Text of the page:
Rising from the Sri Lankan jungle stands the citadel of Sigiriya. An immense rock of volcanic origin, Sigiriya was transformed into the magnificent palace of Kassapa, a king whose story will blow your mind. Think Macbeth meets Othello with a dash of a Poe short story. You're going to enjoy this one.
By a tremendous bit of serendipity (which is useful, given that the word "serendipity" comes from the Arabic word for Sri Lanka), my daughter's two best friends are of Sri Lankan descent, and one of their mothers joined me for an in-person interview about visiting the magnificent citadel, other sites in Sri Lanka and of course, all the great things to eat, including kiribath, a coconut milk rice dish that serves as the official first meal of every new year.
Bullis, Douglas and Wendy Hutton. The Food of Sri Lanka: Authentic Recipe from the Isle of Gems.
Culavamsa, translated by Wilhelm Geiger
Lonely Planet Sri Lanka
Rough Guide to Sri Lanka
Wanasundera, Nanda Pethiyagoda and Jo-Ann Spelling. Sri Lanka.
Music by Niranjala Sarojini
The best lunch I’ve ever eaten was ceviche in Lima. Hands down.
Traditional Peruvian ceviche is amazingly simple. Seafood, lime juice, red onion, and chile. That’s it. Plus sweet potato and corn on the side.
As I said in the episode, you probably won’t be able to make the real thing, because your seafood, as fresh as it might be, won’t be as fresh as the seafood in Lima. Fed by the Humboldt Current, caught that morning, and served for lunch because dinner would be too late: that’s Limeño ceviche.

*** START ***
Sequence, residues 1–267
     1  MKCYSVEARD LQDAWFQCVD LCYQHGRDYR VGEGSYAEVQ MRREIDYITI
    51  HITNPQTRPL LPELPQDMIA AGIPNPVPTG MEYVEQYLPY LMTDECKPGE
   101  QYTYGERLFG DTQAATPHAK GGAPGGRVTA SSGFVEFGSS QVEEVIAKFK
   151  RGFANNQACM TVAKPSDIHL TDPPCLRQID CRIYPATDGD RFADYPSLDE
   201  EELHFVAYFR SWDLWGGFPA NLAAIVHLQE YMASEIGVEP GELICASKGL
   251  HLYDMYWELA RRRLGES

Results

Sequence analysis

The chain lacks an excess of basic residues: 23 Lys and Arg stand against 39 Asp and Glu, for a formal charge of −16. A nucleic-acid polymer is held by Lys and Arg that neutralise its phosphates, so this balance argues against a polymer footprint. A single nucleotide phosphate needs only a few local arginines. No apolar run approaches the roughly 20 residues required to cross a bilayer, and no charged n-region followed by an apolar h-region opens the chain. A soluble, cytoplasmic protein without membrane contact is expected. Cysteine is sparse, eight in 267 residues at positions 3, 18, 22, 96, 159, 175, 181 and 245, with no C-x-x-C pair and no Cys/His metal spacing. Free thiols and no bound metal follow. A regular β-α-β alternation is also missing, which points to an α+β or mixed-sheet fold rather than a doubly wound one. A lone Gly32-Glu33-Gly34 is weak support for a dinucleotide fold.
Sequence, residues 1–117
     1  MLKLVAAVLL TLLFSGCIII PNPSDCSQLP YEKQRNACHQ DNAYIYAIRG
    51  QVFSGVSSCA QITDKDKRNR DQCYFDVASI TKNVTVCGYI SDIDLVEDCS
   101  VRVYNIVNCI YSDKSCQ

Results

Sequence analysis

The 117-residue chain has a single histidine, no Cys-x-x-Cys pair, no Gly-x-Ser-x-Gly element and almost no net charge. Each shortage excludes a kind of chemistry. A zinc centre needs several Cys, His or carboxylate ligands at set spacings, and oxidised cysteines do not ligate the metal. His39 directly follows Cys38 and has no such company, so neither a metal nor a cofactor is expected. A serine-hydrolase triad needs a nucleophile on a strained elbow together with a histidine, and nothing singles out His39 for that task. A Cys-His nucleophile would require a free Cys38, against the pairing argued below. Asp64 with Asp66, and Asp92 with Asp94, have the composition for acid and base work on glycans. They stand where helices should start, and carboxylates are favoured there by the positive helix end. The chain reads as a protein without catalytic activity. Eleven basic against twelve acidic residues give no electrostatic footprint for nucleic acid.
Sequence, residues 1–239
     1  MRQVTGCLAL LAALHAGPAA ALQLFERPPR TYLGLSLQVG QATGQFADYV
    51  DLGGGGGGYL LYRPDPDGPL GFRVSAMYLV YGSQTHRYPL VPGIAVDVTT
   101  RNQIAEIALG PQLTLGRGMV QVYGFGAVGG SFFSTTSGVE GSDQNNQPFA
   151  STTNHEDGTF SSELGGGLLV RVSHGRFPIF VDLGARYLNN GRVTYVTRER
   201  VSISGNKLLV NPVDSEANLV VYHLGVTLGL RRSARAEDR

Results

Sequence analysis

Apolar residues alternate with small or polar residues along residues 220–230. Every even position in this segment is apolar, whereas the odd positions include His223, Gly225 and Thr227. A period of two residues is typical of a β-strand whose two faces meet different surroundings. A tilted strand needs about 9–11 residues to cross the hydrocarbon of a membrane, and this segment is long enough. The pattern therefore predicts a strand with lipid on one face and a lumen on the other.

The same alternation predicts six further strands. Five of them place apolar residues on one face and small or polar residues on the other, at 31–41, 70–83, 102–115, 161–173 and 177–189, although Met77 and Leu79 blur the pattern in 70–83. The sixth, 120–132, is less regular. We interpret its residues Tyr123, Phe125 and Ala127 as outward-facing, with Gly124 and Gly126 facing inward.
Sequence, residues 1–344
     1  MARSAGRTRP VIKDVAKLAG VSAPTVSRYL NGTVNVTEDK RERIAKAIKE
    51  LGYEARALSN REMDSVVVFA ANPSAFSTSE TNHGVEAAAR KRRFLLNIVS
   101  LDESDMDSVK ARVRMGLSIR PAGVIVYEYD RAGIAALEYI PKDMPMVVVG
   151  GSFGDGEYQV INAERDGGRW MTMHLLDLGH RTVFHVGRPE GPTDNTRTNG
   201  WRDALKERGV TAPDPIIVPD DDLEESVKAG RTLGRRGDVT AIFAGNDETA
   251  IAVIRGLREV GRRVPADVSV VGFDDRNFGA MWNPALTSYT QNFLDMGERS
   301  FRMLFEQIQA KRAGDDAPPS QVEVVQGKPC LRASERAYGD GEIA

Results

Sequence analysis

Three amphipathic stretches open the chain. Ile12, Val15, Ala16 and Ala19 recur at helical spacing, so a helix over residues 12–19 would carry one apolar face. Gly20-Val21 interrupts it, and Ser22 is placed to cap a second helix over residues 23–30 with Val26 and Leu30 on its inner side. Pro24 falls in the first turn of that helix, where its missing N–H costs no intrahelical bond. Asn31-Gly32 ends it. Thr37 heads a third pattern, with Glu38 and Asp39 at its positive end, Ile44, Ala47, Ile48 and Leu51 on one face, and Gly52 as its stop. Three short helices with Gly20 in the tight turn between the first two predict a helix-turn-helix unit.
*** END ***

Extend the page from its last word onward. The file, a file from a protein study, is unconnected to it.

But if you do have good seafood available, this will get you pretty darn close!
Recipe adapted from https://www.seriouseats.com/recipes/2011/07/classic-peruvian-style-fish-ceviche-recipe.html
Etched in the rocky plains of the southern Peruvian coast, the Nazca Lines fascinate visitors and archaeologists. While we still don't know why the Nazca people created lines, shapes and figures that could only be seen from the air, we have some hypotheses. We also know: not aliens.
Max Serjeant from the Latin American History podcast talks about how civilization came to ancient Peru, how the Nazca and their predecessors tamed the desert, and why archaeologists think the Nazca created their geoglyphs.
Tracy DeLuca, an avid traveller who recently flew over the lines, tells about her experience, both the amazing views and the stomach-churning turns.
We also talk about Lima, one of my favorite cities, with its colonial architecture and incredible food scene, featuring ceviche, some of the best food on earth. So grab a pisco sour and enjoy!
Dubé, Ryan. Moon Guide to Peru
Hadingham, Evan. Lines to the Mountain Gods: Nazca and the Mysteries of Peru
Lonely Planet Peru
Masterson, Daniel. The History of Peru
Moseley, Michael E. The Incas and Their Ancestors